On March 18, 2009, the Ministry of Commerce of the PRC (MOFCOM) announced MOFCOM’s decision to bar the Coca-Cola Company’s proposed acquisition of China Huiyuan Fruit Juice Group Limited (“Huiyuan”) due to antitrust concerns (the “Announcement”), and we briefed you on the Announcement in our March 19, 2009 Antitrust Update. MOFCOM’s actions raised concerns in the business community both because it was the first time that MOFCOM barred a proposed acquisition after conducting a preconcentration review and because the reasoning behind the action was unclear; the Announcement only laid out the review process without offering either an analysis of the transaction or an explanation of the government’s reasoning behind the decision. Public opinion was that MOFCOM should expound on its decision. In response, on March 25, 2009, MOFCOM posted a record of a Q&A session with the media on its website, in which Yao Jian, MOFCOM’s spokesperson, discussed some of the key issues concerning the Coca-Cola/Huiyuan case. In this edition of Antitrust Update, we will brief you on the highlights of the Q&A.  

MOFCOM Only Considered Competition-Related Factors in the Review

Prior to the issuance of the final decision regarding the Coca-Cola/Huiyuan transaction, some within China urged MOFCOM to bar the proposed deal in order to protect a significant Chinese enterprise and brand, some insiders predicted that the proposed transaction would not pass MOFCOM for this reason. Although the Announcement does not address this issue, some critics maintain that concern for the survival of a national brand was an underlying factor in the decision and, as a result, are concerned that MOFCOM’s future reviews of proposed mergers and acquisitions may follow suit.  

In the Q&A session, Yao Jian tried to defuse this concern, stating that MOFCOM considered only competition-related factors in reviewing the Coca-Cola/Huiyuan case. Specifically, MOFCOM considered all of the factors enumerated in Article 27 of the Anti-Monopoly Law (AML), including the share in and control over the relevant market of the parties to the transaction, the degree of market concentration in the relevant market, the transaction’s impact on market access and technological advancement, consumers and other relevant business operators, on national economic development, and any other factors impacting market competition that the national anti-monopoly authorities considers it necessary to review. Of particular importance in this transaction was the possible impact on national economic development, and the catch-all factor. According to Yao Jian, concern regarding these two factors underlies concentration review across the world, and MOFCOM’s focus on them is consistent with the AML’s purpose of protecting the public interest and ensuring a robust socialist market economy. He noted that the seemingly catch-all phrase “any other factors” is in fact limited to considerations affecting competition; and that non-competition considerations are left for other laws and regulations to address.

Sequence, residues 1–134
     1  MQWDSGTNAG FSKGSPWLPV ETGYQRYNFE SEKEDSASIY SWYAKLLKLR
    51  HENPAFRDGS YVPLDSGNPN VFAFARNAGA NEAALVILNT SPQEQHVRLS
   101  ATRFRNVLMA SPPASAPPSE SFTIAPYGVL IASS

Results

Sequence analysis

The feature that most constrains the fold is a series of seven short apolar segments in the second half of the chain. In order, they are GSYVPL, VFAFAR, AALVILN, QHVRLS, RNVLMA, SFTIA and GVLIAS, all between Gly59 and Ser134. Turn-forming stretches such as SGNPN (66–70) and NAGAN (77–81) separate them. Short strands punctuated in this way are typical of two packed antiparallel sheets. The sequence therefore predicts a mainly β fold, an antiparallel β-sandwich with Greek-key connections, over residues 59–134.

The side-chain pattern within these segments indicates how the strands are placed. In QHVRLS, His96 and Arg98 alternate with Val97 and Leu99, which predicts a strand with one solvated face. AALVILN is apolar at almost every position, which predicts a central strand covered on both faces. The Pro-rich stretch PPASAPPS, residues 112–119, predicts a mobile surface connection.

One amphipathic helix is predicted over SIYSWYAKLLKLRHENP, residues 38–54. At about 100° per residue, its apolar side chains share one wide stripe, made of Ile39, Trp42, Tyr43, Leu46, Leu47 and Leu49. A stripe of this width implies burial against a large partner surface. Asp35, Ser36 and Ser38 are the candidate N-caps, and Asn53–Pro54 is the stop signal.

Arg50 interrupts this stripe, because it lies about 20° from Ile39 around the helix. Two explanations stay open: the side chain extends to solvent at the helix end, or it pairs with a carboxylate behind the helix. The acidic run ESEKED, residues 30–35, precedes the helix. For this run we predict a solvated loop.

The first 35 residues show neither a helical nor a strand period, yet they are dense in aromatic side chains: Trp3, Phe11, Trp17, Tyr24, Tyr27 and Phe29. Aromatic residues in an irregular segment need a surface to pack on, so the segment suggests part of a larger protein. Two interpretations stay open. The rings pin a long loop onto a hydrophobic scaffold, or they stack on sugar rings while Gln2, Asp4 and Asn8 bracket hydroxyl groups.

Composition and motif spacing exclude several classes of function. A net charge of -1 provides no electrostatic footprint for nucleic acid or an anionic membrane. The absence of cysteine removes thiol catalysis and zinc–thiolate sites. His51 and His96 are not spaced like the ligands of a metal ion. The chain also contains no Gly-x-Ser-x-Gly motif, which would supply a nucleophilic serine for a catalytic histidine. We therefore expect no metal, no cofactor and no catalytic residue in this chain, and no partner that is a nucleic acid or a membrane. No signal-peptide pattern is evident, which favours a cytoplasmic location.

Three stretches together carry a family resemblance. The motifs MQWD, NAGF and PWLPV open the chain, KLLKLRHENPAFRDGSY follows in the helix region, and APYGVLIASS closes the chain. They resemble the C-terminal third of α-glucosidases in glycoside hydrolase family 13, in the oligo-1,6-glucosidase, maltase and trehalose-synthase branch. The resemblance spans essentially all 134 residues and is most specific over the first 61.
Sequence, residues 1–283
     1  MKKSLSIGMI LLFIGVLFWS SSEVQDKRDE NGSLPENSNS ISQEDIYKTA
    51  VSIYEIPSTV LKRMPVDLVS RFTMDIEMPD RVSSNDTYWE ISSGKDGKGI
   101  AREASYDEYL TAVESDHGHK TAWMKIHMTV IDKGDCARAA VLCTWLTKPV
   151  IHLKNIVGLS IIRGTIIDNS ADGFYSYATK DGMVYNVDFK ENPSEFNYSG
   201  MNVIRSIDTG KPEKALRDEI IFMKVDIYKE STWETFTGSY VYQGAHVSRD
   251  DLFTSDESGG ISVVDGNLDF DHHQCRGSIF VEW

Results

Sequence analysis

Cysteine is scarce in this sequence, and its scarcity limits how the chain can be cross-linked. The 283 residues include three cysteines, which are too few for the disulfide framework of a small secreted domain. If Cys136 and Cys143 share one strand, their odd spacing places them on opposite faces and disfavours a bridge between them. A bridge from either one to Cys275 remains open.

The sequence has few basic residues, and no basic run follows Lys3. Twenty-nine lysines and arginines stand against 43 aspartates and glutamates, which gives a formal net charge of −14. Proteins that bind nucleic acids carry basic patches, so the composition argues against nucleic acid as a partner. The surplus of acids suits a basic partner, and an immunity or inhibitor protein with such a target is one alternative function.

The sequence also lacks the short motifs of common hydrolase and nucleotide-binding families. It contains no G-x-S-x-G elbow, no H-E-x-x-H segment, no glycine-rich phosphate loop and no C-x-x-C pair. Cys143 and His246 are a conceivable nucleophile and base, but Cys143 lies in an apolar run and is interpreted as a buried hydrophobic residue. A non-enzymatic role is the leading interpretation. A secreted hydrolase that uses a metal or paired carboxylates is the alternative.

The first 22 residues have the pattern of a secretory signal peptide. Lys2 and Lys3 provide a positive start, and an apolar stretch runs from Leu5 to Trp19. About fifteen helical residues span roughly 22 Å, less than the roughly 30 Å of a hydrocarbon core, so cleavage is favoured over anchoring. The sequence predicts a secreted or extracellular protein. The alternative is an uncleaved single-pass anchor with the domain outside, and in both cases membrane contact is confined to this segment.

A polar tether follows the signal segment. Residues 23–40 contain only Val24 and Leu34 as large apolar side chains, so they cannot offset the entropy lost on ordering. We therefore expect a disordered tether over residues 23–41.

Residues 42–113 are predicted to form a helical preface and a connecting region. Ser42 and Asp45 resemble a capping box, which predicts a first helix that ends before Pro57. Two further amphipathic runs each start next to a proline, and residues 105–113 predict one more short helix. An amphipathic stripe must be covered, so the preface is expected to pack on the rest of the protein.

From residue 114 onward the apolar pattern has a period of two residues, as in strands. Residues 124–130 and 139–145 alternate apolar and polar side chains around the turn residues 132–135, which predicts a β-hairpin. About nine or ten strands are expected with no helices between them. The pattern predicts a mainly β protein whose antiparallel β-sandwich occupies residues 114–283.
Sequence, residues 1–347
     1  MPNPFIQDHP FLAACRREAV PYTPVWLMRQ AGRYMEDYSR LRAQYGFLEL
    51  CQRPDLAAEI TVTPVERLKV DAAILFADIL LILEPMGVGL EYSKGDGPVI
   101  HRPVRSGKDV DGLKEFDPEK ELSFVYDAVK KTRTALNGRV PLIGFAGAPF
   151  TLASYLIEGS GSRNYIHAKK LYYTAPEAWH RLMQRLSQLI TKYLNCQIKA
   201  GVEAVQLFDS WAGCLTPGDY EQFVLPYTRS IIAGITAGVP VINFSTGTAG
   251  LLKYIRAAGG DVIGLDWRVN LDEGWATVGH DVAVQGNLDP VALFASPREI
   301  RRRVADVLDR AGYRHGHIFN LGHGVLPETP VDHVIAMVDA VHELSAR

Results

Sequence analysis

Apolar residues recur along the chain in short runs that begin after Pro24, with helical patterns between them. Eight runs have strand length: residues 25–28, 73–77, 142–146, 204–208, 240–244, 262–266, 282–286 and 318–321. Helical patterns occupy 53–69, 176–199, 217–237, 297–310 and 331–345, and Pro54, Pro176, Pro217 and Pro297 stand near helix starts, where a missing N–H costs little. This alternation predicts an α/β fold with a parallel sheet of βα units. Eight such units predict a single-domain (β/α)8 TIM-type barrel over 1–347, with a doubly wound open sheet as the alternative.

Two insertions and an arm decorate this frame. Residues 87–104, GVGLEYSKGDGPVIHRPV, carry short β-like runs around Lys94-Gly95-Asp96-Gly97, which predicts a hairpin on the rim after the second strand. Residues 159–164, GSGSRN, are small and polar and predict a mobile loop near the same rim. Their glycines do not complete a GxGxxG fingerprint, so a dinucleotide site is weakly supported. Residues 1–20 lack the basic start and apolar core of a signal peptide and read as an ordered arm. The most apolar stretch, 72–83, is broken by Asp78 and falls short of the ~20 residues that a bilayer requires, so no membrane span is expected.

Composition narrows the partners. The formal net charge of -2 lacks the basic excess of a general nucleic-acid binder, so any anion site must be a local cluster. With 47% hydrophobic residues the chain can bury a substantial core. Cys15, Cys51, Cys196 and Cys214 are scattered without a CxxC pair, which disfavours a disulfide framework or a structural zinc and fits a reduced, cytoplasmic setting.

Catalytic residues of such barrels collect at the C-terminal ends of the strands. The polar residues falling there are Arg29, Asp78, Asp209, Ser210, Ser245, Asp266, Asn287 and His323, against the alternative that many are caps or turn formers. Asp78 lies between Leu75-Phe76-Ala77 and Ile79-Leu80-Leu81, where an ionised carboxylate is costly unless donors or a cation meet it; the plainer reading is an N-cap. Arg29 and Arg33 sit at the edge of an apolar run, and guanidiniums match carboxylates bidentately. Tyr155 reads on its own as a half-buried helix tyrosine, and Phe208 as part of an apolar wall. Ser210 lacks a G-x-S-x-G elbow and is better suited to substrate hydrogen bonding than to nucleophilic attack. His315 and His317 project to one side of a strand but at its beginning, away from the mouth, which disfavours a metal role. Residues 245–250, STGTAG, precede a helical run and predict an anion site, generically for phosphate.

Yao Jian further stated that MOFCOM rendered its decision based on a comprehensive assessment of the proposed transaction’s various potential effects on competition in China’s fruit juice market. During the process, MOFCOM conducted a number of investigations and solicited opinions from various sides. Yao Jian stressed that MOFCOM did so in strict compliance with the law and with its mandate to conduct an independent review, and delivered an objective ruling free of the interference of factors unrelated to competition or the impact of the so-called “nationalistic sentiment” as labeled by foreign media.  

The Fruit Juice Market is Defined as the Applicable Relevant Market  

In the Q&A, Yao Jian further expanded on how MOFCOM determined the relevant market in the review. First, without explicitly citing them, Yao Jian referred to the rules laid out in MOFCOM’s draft Guidelines on the Definition of Relevant Market (the “Guidelines”), which has been published on MOFCOM’s website for public comments. In the Guidelines, MOFCOM recognizes two methods that are commonly adopted in defining the relevant market; demand substitution analysis and supply substitution analysis. Once officially enacted, the Guidelines may guide MOFCOM in its defining of the relevant markets in its pre-concentration reviews. We touched on this in our January 8, 2009 Antitrust Update.  

According to Yao Jian, the proposed Coca-Cola/Huiyuan transaction involved two major categories of non-alcoholic beverages; fruit juice drinks and carbonated drinks. Fruit juice drinks may be further classified into pure fruit juice, mixed fruit juice with a concentration from 26% to 99%, and fruit juice drinks with a concentration of no more than 25%. Both Coca-Cola and Huiyuan produce fruit juice drinks, but only Coca-Cola produces carbonated drinks. Yao Jian stated that during the process of delineating the relevant market, MOFCOM conducted an in-depth economic analysis on the substitution between fruit juice drinks and carbonated drinks, and the substitution between the above three types of fruit juice drinks of different levels of concentrations. After having conducted market surveys and collected evidence, MOFCOM determined that the fruit juice market was the relevant market applicable to this case because juice drinks and carbonated drinks cannot readily substitute each other, but fruit juice drinks of different concentrations may be highly substitutable in terms of demand and supply.